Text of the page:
11/19/2010 07:21 pm ET Updated May 25, 2011

The Deportation Regime

Freedom of movement, the ability to cross borders, to create a new life in an adopted homeland is a goal to which many aspire - and even achieve. Immigrants later discover, however, that these freedoms can be restricted or even reversed, by detention and deportation, hence the label deportspora. In a recently released anthology, The Deportation Regime: Sovereignty, Space and the Freedom of Movement, the editors concede that the deportation regime requires scholars, advocates, and activists - citizens, denizens, and deportees alike - to engage politically and theoretically in renewed ways with questions of freedom.

Editors Nicholas de Genova and Nathalie Peutz, both anthropologists, describe The Deportation Regime as a critical study of deportation and its global ramifications. Why the need for a book of this nature? "Deportation has jealously been protected as a precious arena where the state power's more despotic proclivities may be exercised without inhibition while largely shielded from robust critical scrutiny."

The anthology is skillfully organized into five parts. Part One is the theoretical overview of the deportation regime. Part Two, Sovereignty and Space, examines immigration detention. Part Three, Spaces of Deportability, looks at deportation trends in the Mediterranean, at the U.S.-Mexico borders, Israel, Bahrain, Germany and Switzerland. Part Four, Forced Movement, highlights the plight of 'criminal alien' deportees, with a special focus on Somaliland. Part Five, titled Freedom, is devoted to the anti-deportation movement.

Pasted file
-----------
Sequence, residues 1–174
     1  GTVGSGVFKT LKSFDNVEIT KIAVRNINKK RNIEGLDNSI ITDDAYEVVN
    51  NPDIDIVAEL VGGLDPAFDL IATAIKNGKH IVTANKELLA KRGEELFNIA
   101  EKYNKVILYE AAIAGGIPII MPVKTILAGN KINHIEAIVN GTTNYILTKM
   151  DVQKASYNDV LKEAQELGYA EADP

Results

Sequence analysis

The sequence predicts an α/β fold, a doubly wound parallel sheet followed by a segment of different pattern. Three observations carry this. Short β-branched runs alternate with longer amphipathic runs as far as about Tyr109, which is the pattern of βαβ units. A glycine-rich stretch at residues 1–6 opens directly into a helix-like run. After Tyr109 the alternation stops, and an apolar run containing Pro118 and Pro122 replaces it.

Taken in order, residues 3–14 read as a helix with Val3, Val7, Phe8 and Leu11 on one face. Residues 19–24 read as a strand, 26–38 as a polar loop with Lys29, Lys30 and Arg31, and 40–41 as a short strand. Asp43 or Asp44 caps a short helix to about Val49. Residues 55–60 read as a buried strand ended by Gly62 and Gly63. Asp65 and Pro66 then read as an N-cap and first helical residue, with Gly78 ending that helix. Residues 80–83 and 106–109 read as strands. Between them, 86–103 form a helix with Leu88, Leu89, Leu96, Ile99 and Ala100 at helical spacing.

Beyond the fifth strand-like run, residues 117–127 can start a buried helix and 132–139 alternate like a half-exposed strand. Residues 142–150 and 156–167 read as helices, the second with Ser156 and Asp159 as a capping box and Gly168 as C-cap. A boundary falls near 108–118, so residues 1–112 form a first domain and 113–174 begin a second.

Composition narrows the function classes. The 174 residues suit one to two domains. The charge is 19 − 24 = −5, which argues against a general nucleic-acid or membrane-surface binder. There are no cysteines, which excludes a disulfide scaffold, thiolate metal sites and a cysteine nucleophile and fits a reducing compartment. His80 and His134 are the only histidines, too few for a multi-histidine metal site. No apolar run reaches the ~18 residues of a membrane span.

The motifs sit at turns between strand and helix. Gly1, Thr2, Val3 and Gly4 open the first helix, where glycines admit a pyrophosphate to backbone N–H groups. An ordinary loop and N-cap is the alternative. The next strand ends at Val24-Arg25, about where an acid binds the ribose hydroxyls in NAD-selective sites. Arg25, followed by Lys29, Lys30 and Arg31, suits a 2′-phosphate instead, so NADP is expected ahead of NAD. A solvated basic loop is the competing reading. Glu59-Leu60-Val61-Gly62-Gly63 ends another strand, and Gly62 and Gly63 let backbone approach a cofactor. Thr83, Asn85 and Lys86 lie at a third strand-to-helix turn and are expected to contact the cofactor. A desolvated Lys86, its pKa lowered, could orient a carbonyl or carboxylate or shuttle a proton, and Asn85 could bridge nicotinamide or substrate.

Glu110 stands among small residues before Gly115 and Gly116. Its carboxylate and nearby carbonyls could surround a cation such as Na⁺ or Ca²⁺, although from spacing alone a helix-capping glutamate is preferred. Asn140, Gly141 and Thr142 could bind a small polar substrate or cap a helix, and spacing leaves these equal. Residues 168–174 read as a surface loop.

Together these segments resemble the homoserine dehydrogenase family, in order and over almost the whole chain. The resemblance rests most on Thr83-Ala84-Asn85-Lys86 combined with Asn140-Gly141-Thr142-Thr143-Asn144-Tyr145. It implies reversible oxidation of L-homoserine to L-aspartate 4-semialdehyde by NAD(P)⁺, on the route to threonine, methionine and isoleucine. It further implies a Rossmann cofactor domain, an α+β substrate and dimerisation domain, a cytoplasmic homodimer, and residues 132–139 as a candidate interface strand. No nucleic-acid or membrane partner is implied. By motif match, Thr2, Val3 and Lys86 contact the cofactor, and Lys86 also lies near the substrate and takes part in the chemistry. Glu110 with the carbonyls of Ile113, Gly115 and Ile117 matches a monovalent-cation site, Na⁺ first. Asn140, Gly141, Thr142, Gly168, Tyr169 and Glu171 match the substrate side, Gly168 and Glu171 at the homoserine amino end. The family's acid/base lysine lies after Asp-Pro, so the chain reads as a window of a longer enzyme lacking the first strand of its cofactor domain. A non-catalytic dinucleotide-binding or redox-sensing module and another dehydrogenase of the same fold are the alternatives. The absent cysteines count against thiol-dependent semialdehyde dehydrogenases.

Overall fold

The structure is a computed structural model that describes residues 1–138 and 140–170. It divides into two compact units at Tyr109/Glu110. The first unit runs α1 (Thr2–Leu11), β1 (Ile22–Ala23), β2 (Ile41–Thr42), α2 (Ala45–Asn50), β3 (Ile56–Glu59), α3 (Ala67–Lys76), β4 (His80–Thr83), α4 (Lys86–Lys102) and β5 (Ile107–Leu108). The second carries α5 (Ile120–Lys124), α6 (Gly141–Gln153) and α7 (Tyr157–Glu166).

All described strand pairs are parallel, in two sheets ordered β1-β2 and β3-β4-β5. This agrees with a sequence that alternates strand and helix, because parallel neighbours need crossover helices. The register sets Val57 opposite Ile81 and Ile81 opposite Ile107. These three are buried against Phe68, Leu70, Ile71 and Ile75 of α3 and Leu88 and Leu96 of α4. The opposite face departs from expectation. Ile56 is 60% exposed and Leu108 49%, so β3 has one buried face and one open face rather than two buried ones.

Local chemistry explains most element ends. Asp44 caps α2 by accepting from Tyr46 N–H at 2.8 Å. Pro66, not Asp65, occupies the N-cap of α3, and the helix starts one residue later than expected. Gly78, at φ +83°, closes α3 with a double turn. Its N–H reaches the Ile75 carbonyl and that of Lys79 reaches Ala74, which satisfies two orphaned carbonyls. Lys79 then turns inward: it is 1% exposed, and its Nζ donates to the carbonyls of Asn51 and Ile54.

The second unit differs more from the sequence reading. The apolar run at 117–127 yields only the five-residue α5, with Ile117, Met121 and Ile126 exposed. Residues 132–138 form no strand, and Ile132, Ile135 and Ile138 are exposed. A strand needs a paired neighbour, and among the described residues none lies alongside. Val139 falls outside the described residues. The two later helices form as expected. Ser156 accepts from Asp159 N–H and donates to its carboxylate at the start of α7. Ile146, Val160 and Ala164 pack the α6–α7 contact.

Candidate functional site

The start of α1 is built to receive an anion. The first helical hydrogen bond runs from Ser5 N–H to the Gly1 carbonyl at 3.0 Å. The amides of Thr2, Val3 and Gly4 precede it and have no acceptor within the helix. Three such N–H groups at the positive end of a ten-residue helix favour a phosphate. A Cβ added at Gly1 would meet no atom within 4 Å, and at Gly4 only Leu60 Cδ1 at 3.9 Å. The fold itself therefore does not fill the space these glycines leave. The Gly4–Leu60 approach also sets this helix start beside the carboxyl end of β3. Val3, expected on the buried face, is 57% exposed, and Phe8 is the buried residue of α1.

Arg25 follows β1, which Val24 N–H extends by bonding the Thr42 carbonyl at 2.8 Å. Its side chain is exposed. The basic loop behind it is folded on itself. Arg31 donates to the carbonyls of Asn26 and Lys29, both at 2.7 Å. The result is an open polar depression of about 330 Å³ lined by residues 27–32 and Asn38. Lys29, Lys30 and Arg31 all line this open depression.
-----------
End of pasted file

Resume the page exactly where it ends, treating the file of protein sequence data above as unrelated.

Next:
One of the recurring themes in the book is that of 'invisibility'. And one of the locales where individuals often disappear or become invisible is the maze otherwise known as immigration detention. Galina Cornelisse, a contributor to the anthology notes, "Immigration detention is the ultimate example of how national states can freely resort to their hitherto unrestrained territorial powers in order to validate sovereignty's claim to distinguish the inside from the outside.' Detention, in essence, has become the stepping stone in a process aimed at moving an individual from the inside to the outside - or deported.

In 2009, there was a surge in rates of deportation from the United States, up 10 percent over previous years. According to the editors, "deportation is not only a technique by which governments exert their sovereign power over bodies, space, and "the nation"; it has become a mechanism by which governments measure and signal their own effectiveness."

So what's behind the spike in deportation? One of the theories raised in the book is deportation as a form of social regulation. This should come as no surprise. As contributor William Walters points out, "from its inception, U.S. deportation law has been animated by race-based policies, its doctrines honed through the successive efforts to remove or exclude indigenous populations (the 1830 Indian Removal Act), freed slaves (the 1850 Fugitive Slave Act), Chinese Laborers (the 1882 Chinese Exclusion Act) and other "racially ineligible" groups (the 1924 Johnson-Reed Immigration Act) from the U.S. body politic.

Arlene M. Roberts is the author of The Faces of Detention and Deportation: A Report on the Forced Repatriation of Immigrants from the English-speaking Caribbean.